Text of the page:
Senior executives from Twitter and Facebook appeared before a Senate select committee on Wednesday (5 Sept) and were questioned on issues of how to prevent election interference and data ownership.
When asked whether users should have the right to control what happens to their data, both replied with a definite “yes”.
Sheryl Sandberg, chief operating officer of Facebook, said: “It’s your information; you share it with us if you want to delete it we delete it and if you want to take it with you we enable you to download it and take it with you.”
She also said that Facebook would be working on tools to make the process of regularly deleting your data easier and to help people understand the information they collect on users and how they get it.
The CEO of Twitter, Jack Dorsey, agreed and added: “We do believe people should have complete control of their data… I don’t think there’s a real understanding of the exchange being made in terms of people performing activities on services like Twitter and how they can see that as an exchange of value.”
The Twitter co-founder also claimed that the social media site placed too much emphasis on followers and explained that they are “rethinking the incentives that our services give to people”.
Dorsey added: “Is the number of followers you have really a proxy for the amount you contribute to Twitter and this digital public square? We don’t believe it is. We are still coming up with the details of what this will look like and what this will include.”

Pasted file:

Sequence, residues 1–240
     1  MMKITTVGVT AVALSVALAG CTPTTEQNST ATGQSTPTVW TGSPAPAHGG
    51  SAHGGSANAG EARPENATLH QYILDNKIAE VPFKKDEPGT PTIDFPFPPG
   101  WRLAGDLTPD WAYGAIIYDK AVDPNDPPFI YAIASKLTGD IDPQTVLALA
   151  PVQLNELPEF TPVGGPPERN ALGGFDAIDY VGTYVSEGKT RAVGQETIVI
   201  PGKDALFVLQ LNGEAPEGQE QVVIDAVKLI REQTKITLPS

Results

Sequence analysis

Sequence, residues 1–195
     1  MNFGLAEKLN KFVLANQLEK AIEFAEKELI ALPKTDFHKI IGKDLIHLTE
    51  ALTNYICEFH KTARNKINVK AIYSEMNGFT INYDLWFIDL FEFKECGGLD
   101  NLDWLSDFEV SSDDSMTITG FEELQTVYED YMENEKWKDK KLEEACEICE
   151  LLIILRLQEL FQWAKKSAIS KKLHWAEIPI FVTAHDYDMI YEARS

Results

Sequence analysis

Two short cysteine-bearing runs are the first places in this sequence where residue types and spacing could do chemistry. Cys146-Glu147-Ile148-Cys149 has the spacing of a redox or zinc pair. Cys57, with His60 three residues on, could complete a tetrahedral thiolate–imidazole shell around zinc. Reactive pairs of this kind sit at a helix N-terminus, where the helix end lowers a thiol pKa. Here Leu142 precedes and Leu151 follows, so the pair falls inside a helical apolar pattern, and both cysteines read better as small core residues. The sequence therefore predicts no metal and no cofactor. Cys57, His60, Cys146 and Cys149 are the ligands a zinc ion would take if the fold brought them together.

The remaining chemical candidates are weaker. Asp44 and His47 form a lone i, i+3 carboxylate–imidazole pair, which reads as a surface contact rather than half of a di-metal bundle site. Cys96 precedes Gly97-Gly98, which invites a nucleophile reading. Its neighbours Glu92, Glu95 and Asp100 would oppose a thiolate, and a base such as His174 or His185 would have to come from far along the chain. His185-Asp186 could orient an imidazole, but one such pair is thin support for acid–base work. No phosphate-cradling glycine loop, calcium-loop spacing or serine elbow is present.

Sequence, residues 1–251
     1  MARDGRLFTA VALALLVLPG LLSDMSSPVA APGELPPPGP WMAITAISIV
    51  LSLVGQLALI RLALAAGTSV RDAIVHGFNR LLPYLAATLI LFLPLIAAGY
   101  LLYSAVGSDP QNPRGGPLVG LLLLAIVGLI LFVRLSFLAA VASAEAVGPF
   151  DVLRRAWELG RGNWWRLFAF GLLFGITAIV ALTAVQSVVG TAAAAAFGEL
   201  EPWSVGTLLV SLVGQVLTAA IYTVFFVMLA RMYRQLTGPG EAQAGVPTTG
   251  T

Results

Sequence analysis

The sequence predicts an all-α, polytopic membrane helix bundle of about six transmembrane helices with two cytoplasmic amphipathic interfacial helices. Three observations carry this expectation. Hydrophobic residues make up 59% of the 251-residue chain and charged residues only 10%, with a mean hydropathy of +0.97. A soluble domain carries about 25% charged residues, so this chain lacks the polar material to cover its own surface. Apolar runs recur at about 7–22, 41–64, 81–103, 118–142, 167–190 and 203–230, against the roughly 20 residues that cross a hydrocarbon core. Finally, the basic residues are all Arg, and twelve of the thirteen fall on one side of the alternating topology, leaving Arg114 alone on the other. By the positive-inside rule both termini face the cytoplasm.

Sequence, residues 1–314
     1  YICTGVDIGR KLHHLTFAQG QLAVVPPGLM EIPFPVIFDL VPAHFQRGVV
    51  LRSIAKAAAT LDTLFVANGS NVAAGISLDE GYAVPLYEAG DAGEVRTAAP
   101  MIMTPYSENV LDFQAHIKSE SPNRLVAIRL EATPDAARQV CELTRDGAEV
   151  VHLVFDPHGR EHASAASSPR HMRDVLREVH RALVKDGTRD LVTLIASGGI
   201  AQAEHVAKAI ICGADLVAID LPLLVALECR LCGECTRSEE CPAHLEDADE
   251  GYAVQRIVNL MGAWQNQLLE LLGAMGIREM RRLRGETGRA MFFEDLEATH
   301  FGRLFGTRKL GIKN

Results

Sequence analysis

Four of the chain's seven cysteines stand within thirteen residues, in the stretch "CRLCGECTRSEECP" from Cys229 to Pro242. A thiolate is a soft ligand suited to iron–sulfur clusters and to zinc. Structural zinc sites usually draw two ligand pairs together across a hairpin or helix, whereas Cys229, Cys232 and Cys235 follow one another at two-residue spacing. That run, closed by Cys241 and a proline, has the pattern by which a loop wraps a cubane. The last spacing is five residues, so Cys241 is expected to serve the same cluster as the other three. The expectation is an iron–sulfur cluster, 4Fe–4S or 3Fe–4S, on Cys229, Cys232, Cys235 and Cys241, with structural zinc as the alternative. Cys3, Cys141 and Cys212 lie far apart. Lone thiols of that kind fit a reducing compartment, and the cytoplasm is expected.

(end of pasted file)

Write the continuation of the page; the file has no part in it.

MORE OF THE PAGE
Both reiterated that they will continue to look at ways to improve transparency and detection in order to prevent the use of bots and the spread of fake news – especially in relation to the number of fake accounts that spread disinformation during the 2016 US election.
When question whether Iran, Russia or other agents had “attempted to amplify the reach of hoaxes” Dorsey said: “We certainly have evidence that they have utilised our systems and gamed our systems to amplify information.”
Senator Mark Warner, the vice chairman of the Intelligence Committee described it as “the era of the wild west of social media” and said in his opening address: “Russian disinformation has revealed a dark underbelly of the entire online ecosystem and this threatens to cheapen American discourse weaken privacy and undermine our democracy on a previously unimagined scale.
“Worse, this is only going to get harder as we move into Artificial Inteligence and “deep fake” technology. “
Addressing the new issues that social media companies will face, including “deep fakes” that use AI to create fake videos, the two social media heads said they were investing in new technologies and investing in people to meet the challenge.
Google were unable to present their views on the issues raised as they declined the invitation to attend with an empty chair left in their place. Senator Marco Rubio suggested it was “because they are arrogant”.